Intercultural Leadership in Organizations
How often do you encounter misunderstandings and misperceptions due to cultural differences?
Maybe your colleagues in Japan appeared to agree with your proposal in the meeting, but then don’t act based on it. Or, the French Director of Operations just communicates with your Director but does not answer your emails. Your German colleague comes across very rude in the meeting due to his directness, and the American colleague receives the unrequested life story of the past few weeks of the Austrian colleague after introduction: “Nice to see you again, how are you doing.”
As organizations become more global and teams more diversified, the need for intercultural leadership is inevitable. Corporate culture does play a role in this, however, also requires understanding and flexing to the national culture of the team or colleague you are working with.
One helpful tool to guide you is The Culture Map from Prof. Erin Meyer (INSEAD Business School).
Prof. Erin Meyer focuses her work on how the world’s most successful managers navigate the complexities of cultural differences in a global environment and developed the culture map. It provides a framework for handling intercultural differences in business and illustrates how different cultures perceive the world. It helps us understand these differences, and in doing so improves our ability to react to certain behaviors that might have once seemed strange.
The framework focuses on 8 scales:
When we say that someone is a good communicator, what do we actually mean? The responses differ wildly from society to society. Comparing cultures along the scale by measuring the degree to which they are high- or low-context (Edward Hall).
In low-context cultures, good communication is precise, simple, explicit, and clear. In high-context cultures, communication is sophisticated, nuanced and layered. Messages are often implied but not plainly stated. Less is put in writing, more is left to interpretation, and understanding may depend on reading between the lines.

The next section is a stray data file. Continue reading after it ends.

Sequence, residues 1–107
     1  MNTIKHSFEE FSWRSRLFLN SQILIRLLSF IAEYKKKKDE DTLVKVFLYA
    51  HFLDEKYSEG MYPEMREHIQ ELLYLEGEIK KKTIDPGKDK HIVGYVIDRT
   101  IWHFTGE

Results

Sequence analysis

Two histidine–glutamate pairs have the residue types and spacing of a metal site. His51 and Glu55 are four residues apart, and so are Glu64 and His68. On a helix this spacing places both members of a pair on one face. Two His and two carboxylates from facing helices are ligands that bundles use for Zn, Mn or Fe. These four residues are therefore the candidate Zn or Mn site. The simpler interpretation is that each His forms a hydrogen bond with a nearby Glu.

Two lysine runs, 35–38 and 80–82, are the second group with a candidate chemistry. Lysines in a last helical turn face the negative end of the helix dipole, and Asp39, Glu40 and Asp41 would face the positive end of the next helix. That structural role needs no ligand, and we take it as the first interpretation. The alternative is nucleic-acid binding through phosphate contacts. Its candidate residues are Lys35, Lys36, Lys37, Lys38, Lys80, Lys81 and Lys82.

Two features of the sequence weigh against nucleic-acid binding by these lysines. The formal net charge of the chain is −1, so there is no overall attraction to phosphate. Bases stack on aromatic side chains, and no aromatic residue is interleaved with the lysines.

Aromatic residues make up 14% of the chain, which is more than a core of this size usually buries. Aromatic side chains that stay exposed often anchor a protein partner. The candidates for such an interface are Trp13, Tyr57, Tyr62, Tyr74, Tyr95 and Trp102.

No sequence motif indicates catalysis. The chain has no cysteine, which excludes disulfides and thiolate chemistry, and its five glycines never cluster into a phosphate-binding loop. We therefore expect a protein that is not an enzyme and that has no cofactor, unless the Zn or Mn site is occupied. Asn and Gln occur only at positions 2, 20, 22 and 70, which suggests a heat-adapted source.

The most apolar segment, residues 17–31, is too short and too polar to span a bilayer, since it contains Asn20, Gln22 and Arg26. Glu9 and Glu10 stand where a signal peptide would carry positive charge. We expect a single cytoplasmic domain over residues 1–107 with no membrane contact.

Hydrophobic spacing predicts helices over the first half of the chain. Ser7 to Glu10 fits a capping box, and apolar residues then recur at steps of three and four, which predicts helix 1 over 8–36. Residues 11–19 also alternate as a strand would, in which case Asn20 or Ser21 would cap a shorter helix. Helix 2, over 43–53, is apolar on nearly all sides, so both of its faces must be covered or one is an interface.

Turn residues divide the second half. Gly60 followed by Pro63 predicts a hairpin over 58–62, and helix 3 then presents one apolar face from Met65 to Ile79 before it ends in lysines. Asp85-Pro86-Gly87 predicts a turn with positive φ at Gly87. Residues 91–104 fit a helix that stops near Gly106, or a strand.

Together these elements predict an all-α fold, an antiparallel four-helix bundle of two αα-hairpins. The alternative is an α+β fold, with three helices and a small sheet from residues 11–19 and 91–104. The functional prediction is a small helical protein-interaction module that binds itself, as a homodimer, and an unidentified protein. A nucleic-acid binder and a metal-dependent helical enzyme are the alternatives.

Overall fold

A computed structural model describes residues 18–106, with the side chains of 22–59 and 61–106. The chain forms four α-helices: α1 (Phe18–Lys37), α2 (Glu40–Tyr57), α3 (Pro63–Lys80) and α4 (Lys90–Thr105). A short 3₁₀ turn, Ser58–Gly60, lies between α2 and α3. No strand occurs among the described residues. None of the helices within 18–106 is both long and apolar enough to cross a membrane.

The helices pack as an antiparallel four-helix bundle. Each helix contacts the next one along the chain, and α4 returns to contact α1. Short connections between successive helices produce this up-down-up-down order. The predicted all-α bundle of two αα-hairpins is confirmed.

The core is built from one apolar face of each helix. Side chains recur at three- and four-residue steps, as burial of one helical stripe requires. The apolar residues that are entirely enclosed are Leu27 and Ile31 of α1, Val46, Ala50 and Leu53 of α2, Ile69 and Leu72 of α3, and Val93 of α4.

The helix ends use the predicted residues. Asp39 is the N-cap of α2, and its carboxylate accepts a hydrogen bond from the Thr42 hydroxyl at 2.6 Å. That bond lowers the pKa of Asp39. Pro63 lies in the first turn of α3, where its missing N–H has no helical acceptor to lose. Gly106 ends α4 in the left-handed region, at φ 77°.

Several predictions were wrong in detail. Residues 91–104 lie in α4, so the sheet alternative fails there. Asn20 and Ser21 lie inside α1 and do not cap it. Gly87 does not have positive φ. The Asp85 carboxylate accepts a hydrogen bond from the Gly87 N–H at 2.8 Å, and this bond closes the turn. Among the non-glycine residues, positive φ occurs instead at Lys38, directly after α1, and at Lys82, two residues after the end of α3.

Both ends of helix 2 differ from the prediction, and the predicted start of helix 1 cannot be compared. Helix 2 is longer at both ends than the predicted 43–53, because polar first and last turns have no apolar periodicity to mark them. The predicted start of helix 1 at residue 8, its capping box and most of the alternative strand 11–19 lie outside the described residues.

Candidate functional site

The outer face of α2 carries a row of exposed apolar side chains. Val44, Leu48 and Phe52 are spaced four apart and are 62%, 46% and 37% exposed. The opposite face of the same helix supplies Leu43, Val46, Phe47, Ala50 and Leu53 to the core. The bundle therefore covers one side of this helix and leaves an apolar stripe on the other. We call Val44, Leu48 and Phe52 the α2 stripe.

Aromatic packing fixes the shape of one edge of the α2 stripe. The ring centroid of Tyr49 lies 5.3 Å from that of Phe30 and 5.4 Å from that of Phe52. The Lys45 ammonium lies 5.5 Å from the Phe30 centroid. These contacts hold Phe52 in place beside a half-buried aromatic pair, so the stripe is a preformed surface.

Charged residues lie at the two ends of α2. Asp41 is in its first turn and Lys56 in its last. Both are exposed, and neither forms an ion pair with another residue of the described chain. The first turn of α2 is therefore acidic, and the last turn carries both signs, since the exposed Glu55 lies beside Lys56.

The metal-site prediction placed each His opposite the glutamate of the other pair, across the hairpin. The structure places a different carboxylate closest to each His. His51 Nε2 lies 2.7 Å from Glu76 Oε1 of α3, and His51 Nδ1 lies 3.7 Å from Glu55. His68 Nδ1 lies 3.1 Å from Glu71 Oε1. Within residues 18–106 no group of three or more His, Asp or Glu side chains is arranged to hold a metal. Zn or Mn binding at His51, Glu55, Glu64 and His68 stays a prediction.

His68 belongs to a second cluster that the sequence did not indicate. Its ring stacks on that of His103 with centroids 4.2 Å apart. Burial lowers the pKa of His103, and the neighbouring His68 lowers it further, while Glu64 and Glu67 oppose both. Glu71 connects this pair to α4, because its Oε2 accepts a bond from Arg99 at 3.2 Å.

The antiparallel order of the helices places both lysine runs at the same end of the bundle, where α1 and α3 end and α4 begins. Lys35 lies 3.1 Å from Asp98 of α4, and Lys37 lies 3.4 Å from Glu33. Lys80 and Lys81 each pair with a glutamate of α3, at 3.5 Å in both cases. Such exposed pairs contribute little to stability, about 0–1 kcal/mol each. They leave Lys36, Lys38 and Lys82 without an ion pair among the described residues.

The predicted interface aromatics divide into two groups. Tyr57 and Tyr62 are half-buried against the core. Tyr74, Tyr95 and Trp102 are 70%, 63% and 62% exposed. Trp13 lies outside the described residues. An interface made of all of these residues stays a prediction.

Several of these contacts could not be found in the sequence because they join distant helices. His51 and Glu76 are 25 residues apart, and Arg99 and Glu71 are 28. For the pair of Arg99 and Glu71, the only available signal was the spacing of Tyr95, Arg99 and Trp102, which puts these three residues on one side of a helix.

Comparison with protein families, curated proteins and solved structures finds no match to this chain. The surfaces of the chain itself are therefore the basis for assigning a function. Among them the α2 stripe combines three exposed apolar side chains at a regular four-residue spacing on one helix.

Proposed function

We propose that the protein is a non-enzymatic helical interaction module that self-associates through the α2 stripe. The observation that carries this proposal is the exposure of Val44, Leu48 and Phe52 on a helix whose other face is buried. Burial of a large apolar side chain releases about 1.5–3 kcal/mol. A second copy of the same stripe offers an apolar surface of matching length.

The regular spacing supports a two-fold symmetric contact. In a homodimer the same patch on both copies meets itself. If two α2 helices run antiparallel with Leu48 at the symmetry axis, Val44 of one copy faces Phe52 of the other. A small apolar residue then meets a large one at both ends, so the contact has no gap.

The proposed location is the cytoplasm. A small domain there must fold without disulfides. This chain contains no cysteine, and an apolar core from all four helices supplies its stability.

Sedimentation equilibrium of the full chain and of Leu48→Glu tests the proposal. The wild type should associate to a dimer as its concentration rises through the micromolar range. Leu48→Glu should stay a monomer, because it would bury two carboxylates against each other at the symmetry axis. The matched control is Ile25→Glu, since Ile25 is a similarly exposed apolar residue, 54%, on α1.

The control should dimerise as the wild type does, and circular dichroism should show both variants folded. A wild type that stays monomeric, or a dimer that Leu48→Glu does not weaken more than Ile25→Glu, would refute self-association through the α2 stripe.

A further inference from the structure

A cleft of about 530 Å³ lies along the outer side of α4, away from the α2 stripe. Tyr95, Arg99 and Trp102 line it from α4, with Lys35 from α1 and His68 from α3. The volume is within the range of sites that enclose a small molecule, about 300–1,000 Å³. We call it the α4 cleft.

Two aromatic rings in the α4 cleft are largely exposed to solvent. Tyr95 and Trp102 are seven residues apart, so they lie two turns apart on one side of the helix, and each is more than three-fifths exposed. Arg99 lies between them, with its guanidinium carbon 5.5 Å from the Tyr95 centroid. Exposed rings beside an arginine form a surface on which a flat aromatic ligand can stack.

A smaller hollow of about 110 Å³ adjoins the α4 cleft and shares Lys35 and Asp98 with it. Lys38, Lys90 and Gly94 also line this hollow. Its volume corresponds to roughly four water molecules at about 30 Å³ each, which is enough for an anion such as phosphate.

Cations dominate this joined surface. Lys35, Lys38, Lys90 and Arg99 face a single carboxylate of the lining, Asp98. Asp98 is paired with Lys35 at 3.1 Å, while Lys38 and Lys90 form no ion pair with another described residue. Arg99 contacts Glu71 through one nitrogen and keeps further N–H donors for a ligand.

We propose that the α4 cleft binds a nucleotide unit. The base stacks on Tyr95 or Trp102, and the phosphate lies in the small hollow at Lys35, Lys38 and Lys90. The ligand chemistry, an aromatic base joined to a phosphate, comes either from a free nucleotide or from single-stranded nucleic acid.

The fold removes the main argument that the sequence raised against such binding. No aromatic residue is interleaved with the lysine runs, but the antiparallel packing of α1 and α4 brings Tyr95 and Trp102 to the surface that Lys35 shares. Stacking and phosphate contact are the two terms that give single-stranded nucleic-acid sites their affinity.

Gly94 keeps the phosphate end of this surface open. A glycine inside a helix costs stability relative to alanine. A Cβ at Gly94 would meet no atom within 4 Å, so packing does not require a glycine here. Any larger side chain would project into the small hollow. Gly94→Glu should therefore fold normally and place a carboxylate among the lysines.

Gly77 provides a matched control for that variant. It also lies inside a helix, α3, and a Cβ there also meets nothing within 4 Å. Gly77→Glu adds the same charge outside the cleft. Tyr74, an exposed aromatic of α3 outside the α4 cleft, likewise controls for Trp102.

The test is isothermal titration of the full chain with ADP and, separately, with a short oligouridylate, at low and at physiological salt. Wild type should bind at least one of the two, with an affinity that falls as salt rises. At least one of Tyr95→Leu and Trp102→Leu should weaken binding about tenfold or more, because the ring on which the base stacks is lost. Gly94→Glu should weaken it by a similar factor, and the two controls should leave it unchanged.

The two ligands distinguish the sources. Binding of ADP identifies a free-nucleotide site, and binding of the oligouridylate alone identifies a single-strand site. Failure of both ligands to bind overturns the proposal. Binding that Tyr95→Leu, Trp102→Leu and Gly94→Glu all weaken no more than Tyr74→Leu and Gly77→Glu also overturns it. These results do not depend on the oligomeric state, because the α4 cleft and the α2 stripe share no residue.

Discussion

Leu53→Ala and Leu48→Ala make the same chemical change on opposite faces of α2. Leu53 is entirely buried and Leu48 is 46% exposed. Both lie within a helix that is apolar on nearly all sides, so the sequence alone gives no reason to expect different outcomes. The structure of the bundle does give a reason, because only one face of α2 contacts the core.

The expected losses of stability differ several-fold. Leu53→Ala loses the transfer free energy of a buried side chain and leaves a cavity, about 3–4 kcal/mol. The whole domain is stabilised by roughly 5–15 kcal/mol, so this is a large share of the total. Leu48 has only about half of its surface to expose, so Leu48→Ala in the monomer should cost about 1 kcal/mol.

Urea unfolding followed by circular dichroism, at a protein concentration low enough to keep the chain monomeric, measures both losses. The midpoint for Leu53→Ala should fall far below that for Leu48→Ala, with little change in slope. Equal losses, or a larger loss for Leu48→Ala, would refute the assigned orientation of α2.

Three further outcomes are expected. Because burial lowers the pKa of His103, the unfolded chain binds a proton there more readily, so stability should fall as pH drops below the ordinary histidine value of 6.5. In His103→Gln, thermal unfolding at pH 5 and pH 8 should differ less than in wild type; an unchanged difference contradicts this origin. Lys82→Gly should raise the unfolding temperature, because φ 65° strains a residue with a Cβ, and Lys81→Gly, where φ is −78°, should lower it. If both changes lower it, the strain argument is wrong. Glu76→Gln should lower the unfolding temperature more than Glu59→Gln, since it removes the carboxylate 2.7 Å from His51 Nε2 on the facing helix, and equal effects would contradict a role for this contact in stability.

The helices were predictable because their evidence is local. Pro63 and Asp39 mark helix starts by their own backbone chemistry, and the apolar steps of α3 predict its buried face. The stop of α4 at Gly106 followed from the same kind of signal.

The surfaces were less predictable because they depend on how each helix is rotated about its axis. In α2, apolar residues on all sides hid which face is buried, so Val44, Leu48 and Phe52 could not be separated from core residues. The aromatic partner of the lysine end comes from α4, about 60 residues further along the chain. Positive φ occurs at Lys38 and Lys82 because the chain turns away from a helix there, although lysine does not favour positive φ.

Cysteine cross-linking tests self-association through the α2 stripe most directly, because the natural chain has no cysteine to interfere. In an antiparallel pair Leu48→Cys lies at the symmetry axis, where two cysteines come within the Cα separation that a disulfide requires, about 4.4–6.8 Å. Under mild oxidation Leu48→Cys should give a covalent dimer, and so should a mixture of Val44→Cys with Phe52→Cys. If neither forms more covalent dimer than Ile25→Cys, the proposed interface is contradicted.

All cultures believe that criticism should be given constructively, but the definition of "constructive" varies greatly. This scale measures a preference for frank versus diplomatic negative feedback.
The ways in which you persuade others and the kinds of arguments you find convincing are deeply rooted in your culture's philosophical, religious, and educational assumptions and attitudes. The traditional way to compare countries along this scale is to assess how they balance holistic and specific thought patterns.
Typically, a Western executive will break down an argument into a sequence of distinct components, while Asian managers tend to show how the components all fit together holistically. People from southern European and Germanic cultures tend to find deductive arguments based on principles most persuasive, whereas American and British managers are more likely to be influenced by inductive application-based logic.
Leading is measured by the degree of respect and deference shown to authority figures, placing countries on a spectrum from egalitarian to hierarchical. It is mainly based on the concept of power distance.
The degree to which a culture is consensus-minded. We often assume that the most egalitarian cultures will also be the most democratic, while the most hierarchical ones will allow the boss to make unilateral decisions. This isn't always the case. Germans are more hierarchical than Americans, but more likely than their U.S. colleagues to build group agreement before making decisions. The Japanese are both strongly hierarchical and strongly consensus-minded.
In task-based cultures, trust is built cognitively through work. If we collaborate well, prove ourselves reliable and respect one another's contributions, we come to feel mutual trust. In a relationship-based society, trust is a result of weaving a strong affective connection. If we laugh and relax together, get to know one another personally and feel a mutual liking, then we establish trust.
A little open disagreement is healthy, right? But different cultures have very different ideas about how productive confrontation is for a team or an organization. This scale measures tolerance for open disagreement and inclination to see it as either helpful or harmful to relationships.
All businesses follow agendas and timetables, but in some cultures people strictly adhere to the schedule, whereas in others, they treat it as a suggestion. This scale assesses how much value is placed on operating in a structured, linear fashion versus being flexible and reactive.
Click Here for an example of the cultural differences between India, USA, Germany, Japan, Vietnam, Korea and France based on this framework.
If you would like to learn more about cultural differences, have a look at this introduction video from Erin Meyer: https://youtu.be/qf1ZI-O_9tU
Let’s get started on your journey as effective leader in intercultural environments!